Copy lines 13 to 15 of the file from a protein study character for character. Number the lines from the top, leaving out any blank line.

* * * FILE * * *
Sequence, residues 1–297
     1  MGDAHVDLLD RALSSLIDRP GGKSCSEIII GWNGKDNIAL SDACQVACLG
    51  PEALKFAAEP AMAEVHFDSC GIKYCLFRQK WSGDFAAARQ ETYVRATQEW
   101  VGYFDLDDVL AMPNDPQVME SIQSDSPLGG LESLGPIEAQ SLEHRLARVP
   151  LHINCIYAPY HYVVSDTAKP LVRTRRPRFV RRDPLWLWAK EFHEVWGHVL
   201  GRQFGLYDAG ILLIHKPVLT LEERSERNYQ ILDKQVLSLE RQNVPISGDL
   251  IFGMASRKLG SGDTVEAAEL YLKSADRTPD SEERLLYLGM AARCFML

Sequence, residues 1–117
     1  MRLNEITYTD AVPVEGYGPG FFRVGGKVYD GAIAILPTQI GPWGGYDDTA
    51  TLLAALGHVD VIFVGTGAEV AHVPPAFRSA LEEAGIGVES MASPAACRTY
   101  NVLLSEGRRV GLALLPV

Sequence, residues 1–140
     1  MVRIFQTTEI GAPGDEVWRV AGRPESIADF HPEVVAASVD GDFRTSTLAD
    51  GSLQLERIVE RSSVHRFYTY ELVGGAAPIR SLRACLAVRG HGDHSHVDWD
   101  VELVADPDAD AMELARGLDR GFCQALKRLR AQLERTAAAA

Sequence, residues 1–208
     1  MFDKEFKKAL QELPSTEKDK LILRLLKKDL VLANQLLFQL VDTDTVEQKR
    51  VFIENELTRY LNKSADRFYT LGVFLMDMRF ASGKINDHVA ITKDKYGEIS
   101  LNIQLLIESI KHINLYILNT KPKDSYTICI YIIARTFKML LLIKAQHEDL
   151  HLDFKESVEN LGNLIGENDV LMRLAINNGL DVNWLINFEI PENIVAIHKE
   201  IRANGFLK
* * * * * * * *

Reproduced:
     1  MVRIFQTTEI GAPGDEVWRV AGRPESIADF HPEVVAASVD GDFRTSTLAD
    51  GSLQLERIVE RSSVHRFYTY ELVGGAAPIR SLRACLAVRG HGDHSHVDWD
   101  VELVADPDAD AMELARGLDR GFCQALKRLR AQLERTAAAA